Ways to deal with painful sexual intercourse


Ways to deal with painful sexual intercourse

Photo: ImagesBazaar

Painful sexual intercourse or dyspareunia is a sensitive topic among women in India and many experience it at some stage of their lives, though hardly talked about.

Women suffer from dyspareunia in various degrees. For its obvious nature, the problem often not recognized as a treatable disorder and hardly reported. Women would rather suffer in silence due to the fear of social mortification and an inability to articulate their pain even to their partner.

This takes a toll on them psychologically, physically, and relationships can get corroded. So there is a need to break the silence and to understand the common causes of dyspareunia. After knowing the facts about it, one can easily opt for medical help and can have a healthy sexual life.

The common causes of dyspareunia include the following:

Entry pain

Pain during penetration can be due to insufficient lubrication. This could be either because of lack of enough foreplay, certain medication or lowered estrogen levels that occur after menopause, childbirth or while breast-feeding.

Entry pain could also be caused by injury, irritation, infection or skin conditions. Other issues include conditions such as vaginismus – where there are involuntary spasms of the muscles of the vaginal wall that can causes painful penetration – or congenital abnormality such as the absence of a fully-formed vagina (vaginal agenesis) or a membrane blocking the vaginal opening (imperforate hymen).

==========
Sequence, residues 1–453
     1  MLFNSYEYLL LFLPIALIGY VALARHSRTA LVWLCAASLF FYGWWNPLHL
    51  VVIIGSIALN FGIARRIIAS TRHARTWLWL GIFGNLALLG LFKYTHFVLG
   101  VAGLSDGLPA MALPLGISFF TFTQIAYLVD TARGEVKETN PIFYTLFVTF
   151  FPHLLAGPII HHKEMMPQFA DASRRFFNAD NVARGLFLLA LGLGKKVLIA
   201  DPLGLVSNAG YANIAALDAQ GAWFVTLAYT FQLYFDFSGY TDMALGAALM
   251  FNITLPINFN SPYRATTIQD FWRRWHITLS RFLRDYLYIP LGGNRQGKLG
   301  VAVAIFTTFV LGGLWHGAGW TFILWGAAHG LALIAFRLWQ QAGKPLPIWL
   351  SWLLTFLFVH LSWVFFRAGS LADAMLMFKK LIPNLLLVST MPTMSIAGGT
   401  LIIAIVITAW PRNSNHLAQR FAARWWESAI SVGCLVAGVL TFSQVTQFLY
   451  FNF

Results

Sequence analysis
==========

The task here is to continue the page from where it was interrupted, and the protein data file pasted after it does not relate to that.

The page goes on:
Deep pain

This refers to pain caused with deep penetration. It could occur because of illness such as endometriosis, pelvic inflammatory disease, uterine fibroids, uterine prolapse, a retroverted uterus, hemorrhoids, cystitis, irritable bowel syndrome and ovarian cysts. Other reasons include surgical implications such as scarring from pelvic surgery such as a hysterectomy. Radiation and chemotherapy for cancer could also cause dyspareunia.

Emotional issues

Emotional factors cannot be ruled out as causes for pain during intercourse. Anxiety, fear, stress, depression or relationship worries can all lead to lowered sex drive and uncomfortable intercourse. Past negative experiences with sex such as sexual abuse may also cause dyspareunia.

If you experience pain during sex, and have symptoms such as bleeding, genital lesions or involuntary vaginal muscle contractions, it is important to seek the help of health care provider early, before you begin to avoid sexual intercourse or feel anxious in anticipation of your partner. Your medical and sexual history, signs and symptoms, and findings from a physical exam are vital factors in finding out the root cause of your pain.

Here are certain ways to reduce the pain or discomfort.

  • Use of vaginal dilators
  • Trying to increase lubrication through topical creams or gels
  • Using hormone therapy
  • Increasing the blood flow with Viagra, a vibrator or a suction/pump
  • Trying different lubrications
  • Stretching exercises
  • Physical therapy to strengthen supporting muscles to alleviate pressure from other muscles
  • Exploring psychological factors that may be contributing

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